Mercedes don’t make it easy to “borrow” their cable runs that go from the van body into the doors. We wanted to put power cables through into the rear doors for powerful work lights. It was more effort than it should have been. Continue reading “Running cables into the back doors”
We’ve been living with some regular bike stands in the back of the van, but they are hassle to use. Every time we drive anywhere we have to clamp the bikes down with a cargo strap.
Longer term, we plan to add a drawer with built-in bike racks and fork mounts. Pulling the drawer out will give us easy access to load and unload the bikes. Continue reading “A slide-out drawer for bike access”
I realized I’ve never sprayed with a proper spray gun before, only with rattle cans. I’ve also never worn a NIOSH organic vapor mask before. Wow. What a difference! Continue reading “Contact adhesive: foam to wall panels”
We decided to install electrical components that would talk to each other as a system, so that we can control everything from one location rather than crawling around in the back of the van.
Victron Energy make a series of products that are sturdy, well engineered, and have been proven in home and marine installations for several years. They are a Dutch company but they sell worldwide. Continue reading “Victron Energy electrical system”
Crew vans come with interior (courtesy) lights in a line down the center of the ceiling. We removed the headliner, so they were dangling loose for a while. We didn’t want to cut holes in our new ceiling for them in the same place, so we moved them.
The biggest issue we thought we’d face is that the light closest to the front of the vehicle has a three-way switch on it: On-when-doors-open, off, on-all-the-time. Without that switch, the lights just wouldn’t function.
Poking around in the van when we were running cables, we found that there’s an identical plug sitting loose behind a light-shaped cut-out in the metal above the rear doors. Continue reading “Moving the factory interior lights”
We finally got an opportunity to use the van for a biking trip. Maybe we were being overambitious to think we’d have it finished by now. Despite living out of plastic tubs, the trip was loads of fun.
The inside of the van still looks like a spaceship. All reflective aluminum foil with the odd loose wire dangling down. But we do have an insulated floor, an electrical system, a diesel heater, a bench seat in its final (third row) position, and a roof fan.
We loaded the mountain bikes in to the back, a cooler in the front (easier to strap down than the TruckFridge that we will finally be using), the dog crate next to the cooler, and a couple of bags of clothes under the bench seat.
Then we set off for Bend, Oregon. It’s a lovely biking destination and we hit town near the end of the season but with great weather and wonderful trail conditions. Four days of riding wasn’t quite enough, but it was sufficient opportunity to test the van out and also to stock up on some local beer.
On the way down we stopped at Stonehenge. It’s a monument we’ve meant to take a look at several times in the past. Somehow, with the van, taking a detour just felt more appropriate. No need to worry about leaving the bikes on the roof rack because they were locked safely inside. No need to worry about the dog because the roof fan would kick in if the inside temperature got too high. A great opportunity to take in some local sights.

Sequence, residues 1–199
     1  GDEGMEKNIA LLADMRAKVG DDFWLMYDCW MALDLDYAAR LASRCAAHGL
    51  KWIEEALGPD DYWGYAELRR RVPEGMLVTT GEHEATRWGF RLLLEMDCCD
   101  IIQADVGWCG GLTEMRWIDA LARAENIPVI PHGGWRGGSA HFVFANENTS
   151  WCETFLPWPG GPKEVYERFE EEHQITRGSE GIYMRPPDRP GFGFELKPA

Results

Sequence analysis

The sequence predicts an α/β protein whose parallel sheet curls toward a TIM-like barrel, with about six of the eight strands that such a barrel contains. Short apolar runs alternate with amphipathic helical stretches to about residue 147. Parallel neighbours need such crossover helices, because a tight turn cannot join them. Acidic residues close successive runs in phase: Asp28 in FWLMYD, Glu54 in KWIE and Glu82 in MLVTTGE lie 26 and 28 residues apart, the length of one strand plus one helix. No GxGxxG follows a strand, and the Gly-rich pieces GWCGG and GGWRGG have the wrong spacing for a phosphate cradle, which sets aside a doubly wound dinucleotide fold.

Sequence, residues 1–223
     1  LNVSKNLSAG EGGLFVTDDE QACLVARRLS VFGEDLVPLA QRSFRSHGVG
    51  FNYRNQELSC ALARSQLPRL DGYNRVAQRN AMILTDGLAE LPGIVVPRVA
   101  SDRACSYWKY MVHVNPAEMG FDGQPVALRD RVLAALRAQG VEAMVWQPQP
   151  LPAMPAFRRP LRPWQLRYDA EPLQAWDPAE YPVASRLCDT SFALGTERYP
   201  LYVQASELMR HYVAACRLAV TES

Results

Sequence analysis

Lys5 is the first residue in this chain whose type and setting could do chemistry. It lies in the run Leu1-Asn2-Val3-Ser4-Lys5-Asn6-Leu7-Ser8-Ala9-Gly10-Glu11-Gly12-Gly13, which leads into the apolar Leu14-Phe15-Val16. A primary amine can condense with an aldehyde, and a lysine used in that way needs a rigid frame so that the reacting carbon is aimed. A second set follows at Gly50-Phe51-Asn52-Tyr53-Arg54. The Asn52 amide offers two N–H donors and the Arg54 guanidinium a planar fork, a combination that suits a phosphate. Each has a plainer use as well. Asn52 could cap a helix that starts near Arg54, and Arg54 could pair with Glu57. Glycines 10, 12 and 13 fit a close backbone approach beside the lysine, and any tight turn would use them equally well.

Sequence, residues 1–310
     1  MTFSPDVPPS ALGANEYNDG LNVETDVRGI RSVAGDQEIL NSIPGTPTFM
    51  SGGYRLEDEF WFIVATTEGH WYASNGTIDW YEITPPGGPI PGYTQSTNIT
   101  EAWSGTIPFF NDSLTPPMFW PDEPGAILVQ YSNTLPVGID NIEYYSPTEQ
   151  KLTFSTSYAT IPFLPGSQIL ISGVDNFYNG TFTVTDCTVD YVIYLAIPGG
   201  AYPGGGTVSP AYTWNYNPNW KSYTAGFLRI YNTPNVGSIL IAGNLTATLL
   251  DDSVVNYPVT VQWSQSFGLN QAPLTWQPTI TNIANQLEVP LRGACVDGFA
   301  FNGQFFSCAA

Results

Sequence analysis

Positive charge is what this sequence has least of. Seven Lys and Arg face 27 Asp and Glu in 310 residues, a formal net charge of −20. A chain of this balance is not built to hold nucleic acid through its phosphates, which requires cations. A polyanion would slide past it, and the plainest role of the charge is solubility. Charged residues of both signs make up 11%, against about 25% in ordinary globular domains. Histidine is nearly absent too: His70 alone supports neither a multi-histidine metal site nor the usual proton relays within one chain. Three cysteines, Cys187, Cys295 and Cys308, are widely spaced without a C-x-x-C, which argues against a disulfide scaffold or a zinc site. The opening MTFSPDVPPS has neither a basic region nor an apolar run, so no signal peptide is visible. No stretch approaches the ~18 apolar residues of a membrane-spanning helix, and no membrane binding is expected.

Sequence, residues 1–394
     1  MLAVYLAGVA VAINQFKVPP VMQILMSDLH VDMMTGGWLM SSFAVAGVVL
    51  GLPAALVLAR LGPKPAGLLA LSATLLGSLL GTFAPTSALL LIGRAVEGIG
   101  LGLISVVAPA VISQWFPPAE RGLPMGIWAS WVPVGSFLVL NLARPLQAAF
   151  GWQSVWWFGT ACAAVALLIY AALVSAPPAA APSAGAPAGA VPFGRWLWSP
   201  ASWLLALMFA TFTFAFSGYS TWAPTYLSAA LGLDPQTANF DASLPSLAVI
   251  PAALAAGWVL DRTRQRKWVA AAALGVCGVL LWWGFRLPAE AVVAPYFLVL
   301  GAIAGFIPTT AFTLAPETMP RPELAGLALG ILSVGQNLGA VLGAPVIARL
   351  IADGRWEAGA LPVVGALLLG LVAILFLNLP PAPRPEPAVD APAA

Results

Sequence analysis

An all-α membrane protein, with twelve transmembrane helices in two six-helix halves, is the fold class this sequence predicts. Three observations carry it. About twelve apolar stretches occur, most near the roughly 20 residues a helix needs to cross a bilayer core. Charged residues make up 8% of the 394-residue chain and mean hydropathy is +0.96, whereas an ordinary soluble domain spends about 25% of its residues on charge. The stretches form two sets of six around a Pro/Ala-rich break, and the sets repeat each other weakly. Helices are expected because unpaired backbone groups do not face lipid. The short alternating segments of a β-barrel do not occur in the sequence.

Winter just happened. Luckily, last week I drilled a 4″ hole in the floor of the van and installed a heater than runs on diesel from the van’s fuel tank. Continue reading “Toasty warm diesel heat”
We plugged a phone charger into the cigarette lighter socket in the front of the van. It’s a 25 Amp socket. The end broke off the charger inside the socket. A fuse saved us from a potential melt-down.
25 amps of short-circuiting 12 volt electricity creates a lot of heat. If the fuse hadn’t blown, by the time we’d realized there was a problem and disconnected the battery there might not have been much left of the central console in the dash.
Mercedes did a nice job of protecting their electrical system. We decided to do an equally safe job of the electrical stuff we added to the vehicle. Continue reading “Fuses will save your van (and maybe you too)”
It helps to know how full or empty your battery is. In the same way that you wouldn’t drive without a fuel gauge, you shouldn’t use a battery without some form of monitoring.
Lead batteries last longest if they are always kept above 50% of their capacity. Lithium batteries last longest if they are kept above 30% of their capacity. Abusing batteries by discharging them too far seriously shortens their useful life. The cost of a battery monitor works out to be much less than the cost of a new battery.
There are lots of monitors out there. Several of them are great demonstrations of what happens when you let engineers specify the design. They do their job (some very well) but they look horrible and their interface is terrible to configure. Continue reading “Knowing how much juice your battery has”
The almost 800 Watts of solar panels on the van did a great job charging the battery on our recent trip. The charger took a little bit of custom configuration, but the menus were easy enough to work with and now everything works well.
I started off with the default charge controller settings for a Lithium battery, but once the battery got close to full, the charger made the battery management system upset. The BMS wanted 13.5 volts float charge, the charger was producing 13.8. Not enough to hurt the battery in the short term, but something that I needed to take care of. If nothing else, I wanted to stop the BMS light from coming on!